US8197952B2 (en) 2005-06-09 2012-06-12 United States Gypsum Company High starch light weight gypsum wallboard
US8257489B2 (en) 2005-06-09 2012-09-04 United States Gypsum Company Slurries and methods of making light weight gypsum board
US9840066B2 (en) 2005-06-09 2017-12-12 United States Gypsum Company Light weight gypsum board
USRE44070E1 (en) 2005-06-09 2013-03-12 United States Gypsum Company Composite light weight gypsum wallboard
US8470461B2 (en) 2005-06-09 2013-06-25 United States Gypsum Company Light weight gypsum board
US9802866B2 (en) 2005-06-09 2017-10-31 United States Gypsum Company Light weight gypsum board
US20110132560A1 (en) * 2008-08-11 2011-06-09 Tarja Turkki Gypsum product
US8702881B2 (en) 2011-02-25 2014-04-22 United States Gypsum Company Method of making lightweight, reduced density fire rated gypsum panels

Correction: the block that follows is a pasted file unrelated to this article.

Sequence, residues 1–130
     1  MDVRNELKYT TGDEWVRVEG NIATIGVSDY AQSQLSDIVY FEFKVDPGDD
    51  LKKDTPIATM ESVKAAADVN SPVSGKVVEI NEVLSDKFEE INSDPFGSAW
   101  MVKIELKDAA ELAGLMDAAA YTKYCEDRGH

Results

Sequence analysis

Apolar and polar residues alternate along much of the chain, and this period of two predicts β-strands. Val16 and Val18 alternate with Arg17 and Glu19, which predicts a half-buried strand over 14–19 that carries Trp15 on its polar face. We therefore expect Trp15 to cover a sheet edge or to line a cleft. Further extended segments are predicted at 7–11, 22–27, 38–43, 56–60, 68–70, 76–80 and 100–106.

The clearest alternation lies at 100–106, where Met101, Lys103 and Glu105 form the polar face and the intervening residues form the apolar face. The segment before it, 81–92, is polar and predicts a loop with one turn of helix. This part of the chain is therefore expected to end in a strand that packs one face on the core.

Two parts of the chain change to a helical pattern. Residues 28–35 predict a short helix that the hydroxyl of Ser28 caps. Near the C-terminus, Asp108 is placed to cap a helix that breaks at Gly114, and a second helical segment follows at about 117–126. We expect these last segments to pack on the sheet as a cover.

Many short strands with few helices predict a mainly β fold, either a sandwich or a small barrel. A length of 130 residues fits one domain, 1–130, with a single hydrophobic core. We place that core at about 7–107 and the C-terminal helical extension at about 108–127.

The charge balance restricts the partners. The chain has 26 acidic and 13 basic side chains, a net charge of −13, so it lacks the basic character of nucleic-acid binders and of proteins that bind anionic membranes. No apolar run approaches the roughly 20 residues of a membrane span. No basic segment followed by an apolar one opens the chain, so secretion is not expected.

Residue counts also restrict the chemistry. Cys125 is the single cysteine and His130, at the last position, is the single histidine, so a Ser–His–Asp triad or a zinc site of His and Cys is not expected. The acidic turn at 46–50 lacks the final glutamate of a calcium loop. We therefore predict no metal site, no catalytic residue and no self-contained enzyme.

US9623586B2 (en) 2011-02-25 2017-04-18 United States Gypsum Company Lightweight, reduced density fire rated gypsum panels
US8323785B2 (en) 2011-02-25 2012-12-04 United States Gypsum Company Lightweight, reduced density fire rated gypsum panels
US10245755B2 (en) 2011-02-25 2019-04-02 United States Gypsum Company Lightweight, reduced density fire rated gypsum panels

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GR3017719T3 (en) 1996-01-31
DK45391A (en) 1991-09-15
FI911262A (en) 1991-09-15
EP0446693A1 (en) 1991-09-18
DE4008084C2 (en) 1992-04-09
ES2025526T3 (en) 1995-11-16
DE4008084A1 (en) 1991-09-19
GR910300120T1 (en) 1992-03-20
AT127769T (en) 1995-09-15
JPH04220307A (en) 1992-08-11
DK45391D0 (en) 1991-03-13
FI911262D0 (en)
CA2038147C (en) 1994-10-18
NO910967D0 (en) 1991-03-12
EP0446693B1 (en) 1995-09-13
CA2038147A1 (en) 1991-09-15
FI911262A0 (en) 1991-03-14
NO910967L (en) 1991-09-16